Google+ WTN Haiti Partnership: Day 5, Dancing with the deaf

Friday, March 22, 2013

Day 5, Dancing with the deaf

Yesterday, Sherye tells me the older teenagers had a dance party in one of the classrooms upstairs.  She joined in with a line of kids, watching another kid count and demonstrate a new line dance.  Lots of hand movements, the rhythm set to a song playing on one of their phones, hooked up to a small set of speakers. All the desks and chairs pushed to the side of the room. About 2 dozen kids, with 20 more watching and clapping.  

A typical teenage dance party, except that all these kids are deaf. 



There was a visiting journalist from Canada, whom we had met at the guest house and invited to see the school  She has travelled extensively throughout the world.  When she arrived at St Vincent's, she was escorted around the school, introduced to JoJo and Marie Carmel and some of the other key people.  She was then invited, "Would you like to see the deaf kids' dance party?"  She responded, "Where else have I been to a deaf dance party, anywhere in the world? "  Sherye tells me she and the journalist, Catherine, joined in the line of kids, sweating, dancing, clapping with the deaf, a celebration of a good time.

Later that afternoon Mackenson was sitting the courtyard, listening to his cell phone through head phones, and let me listen; it was a recording of him playing and singing a song he had written.  I told him I would love a CD of his music and he promised to make one for me.  I dont know how to do that in America, much less Haiti, but he apparently can use one of the school computers to do this for me.  That will be a great gift to bring home.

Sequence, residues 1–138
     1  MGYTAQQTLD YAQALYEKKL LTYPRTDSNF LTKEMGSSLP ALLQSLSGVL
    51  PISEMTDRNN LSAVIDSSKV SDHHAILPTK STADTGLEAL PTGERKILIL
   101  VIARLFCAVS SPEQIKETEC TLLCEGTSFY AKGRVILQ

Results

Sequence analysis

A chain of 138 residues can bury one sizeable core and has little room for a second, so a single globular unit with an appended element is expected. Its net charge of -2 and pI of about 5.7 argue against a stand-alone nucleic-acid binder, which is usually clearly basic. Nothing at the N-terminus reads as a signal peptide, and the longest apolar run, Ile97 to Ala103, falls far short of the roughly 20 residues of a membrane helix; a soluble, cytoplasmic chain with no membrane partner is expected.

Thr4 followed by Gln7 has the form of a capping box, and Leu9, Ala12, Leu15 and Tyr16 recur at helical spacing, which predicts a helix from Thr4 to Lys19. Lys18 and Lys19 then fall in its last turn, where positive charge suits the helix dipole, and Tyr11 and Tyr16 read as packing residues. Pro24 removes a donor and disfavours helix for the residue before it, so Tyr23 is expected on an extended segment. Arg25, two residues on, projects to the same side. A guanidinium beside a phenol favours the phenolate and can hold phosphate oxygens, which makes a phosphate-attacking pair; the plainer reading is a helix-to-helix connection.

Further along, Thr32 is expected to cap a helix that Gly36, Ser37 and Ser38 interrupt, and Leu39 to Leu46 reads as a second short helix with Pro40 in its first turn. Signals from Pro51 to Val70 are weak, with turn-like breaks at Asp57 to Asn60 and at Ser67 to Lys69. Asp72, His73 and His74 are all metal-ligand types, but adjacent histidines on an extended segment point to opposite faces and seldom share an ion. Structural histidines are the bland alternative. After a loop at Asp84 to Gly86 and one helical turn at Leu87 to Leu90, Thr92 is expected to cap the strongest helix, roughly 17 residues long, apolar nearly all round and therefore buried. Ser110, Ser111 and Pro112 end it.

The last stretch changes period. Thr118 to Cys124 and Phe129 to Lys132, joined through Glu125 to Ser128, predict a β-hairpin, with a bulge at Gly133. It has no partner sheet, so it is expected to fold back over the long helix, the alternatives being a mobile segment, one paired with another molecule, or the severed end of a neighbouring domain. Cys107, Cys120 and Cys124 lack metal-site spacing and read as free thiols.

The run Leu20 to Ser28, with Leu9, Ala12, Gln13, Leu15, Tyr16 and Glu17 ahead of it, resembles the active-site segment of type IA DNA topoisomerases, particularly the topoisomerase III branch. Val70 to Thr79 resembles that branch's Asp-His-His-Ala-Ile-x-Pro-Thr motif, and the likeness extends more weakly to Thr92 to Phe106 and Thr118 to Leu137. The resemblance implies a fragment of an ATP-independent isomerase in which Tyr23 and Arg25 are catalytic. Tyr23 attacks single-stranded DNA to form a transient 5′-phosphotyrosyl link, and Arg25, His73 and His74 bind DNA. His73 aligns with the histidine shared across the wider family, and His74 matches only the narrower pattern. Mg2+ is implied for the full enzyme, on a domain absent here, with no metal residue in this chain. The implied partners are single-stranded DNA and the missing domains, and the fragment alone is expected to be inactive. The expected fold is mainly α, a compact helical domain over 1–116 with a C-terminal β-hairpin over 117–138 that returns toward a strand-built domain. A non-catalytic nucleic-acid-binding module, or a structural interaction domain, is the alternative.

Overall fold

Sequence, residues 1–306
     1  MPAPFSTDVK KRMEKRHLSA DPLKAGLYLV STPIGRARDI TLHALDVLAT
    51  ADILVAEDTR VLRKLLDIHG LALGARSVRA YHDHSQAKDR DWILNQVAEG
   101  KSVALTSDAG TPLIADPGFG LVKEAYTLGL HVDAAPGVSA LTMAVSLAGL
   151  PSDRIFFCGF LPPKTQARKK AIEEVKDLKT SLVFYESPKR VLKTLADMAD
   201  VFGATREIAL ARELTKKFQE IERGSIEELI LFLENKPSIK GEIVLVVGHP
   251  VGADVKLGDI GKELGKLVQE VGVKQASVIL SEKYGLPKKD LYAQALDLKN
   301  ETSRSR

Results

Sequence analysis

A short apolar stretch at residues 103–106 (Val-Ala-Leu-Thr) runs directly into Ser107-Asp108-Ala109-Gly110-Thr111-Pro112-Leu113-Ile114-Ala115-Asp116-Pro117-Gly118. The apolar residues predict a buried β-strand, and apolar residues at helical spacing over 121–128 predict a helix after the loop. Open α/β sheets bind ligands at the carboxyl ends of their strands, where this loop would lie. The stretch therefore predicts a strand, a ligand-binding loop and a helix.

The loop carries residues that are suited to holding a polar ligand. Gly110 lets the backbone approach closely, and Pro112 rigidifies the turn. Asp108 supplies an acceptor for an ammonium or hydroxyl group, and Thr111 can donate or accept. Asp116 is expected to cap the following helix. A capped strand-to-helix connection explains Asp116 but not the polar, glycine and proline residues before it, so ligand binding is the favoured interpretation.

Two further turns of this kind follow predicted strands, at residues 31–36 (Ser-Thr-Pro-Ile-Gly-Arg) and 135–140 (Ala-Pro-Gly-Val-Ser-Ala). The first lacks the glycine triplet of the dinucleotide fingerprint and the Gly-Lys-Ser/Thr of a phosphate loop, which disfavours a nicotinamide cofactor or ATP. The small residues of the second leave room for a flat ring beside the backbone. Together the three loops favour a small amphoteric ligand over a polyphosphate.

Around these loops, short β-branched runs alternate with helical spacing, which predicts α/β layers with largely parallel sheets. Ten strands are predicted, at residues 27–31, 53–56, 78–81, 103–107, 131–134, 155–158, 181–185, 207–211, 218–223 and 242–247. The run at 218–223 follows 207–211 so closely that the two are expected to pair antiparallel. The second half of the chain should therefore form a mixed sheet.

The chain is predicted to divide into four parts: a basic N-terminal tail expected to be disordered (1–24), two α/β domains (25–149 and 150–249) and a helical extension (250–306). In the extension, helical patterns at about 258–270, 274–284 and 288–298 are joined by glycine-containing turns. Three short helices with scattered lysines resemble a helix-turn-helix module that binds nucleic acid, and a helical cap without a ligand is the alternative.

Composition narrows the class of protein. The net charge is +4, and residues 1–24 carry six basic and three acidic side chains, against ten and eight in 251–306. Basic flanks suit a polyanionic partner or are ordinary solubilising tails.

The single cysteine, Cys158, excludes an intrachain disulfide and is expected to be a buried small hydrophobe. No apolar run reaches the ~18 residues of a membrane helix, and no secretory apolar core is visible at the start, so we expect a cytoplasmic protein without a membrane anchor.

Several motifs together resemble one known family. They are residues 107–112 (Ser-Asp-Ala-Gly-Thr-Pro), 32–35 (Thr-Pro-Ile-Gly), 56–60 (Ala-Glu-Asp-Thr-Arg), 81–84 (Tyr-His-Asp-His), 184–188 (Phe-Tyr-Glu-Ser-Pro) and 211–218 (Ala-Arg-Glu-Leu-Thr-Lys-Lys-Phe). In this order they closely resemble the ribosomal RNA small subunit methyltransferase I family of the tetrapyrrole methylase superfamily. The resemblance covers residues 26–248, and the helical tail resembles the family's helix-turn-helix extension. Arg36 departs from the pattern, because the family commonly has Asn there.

If any of you out there reading this blog are music teachers, please recognize your potential to come and work with these children in  Haiti.  They love music, they write music, they sing and dance and play instruments.  We have primarily medical teams when we come to St Vincent's, but I would love to bring musicians to sing and dance and play with the kids.  And the kids enjoy that a  lot more than being stuck in the finger to check their iron count!

1 comment:

  1. Dr. Nelson,

    There are so many wonderful anecdotes that you share that ALL tug at the heartstrings, but this particular post had a significant impact on me. What strikes me as most special about the children at St. Vincent's is their ability TO BE CHILDREN, TO BE TEENAGERS, despite their sensory or physical handicaps. It really reminds you how innocent childhood is and how we should protect and provide for children so that they are able to take advantage of any opportunity that will allow them to achieve their goals and dreams.

    Thank you for your continued service to these children!

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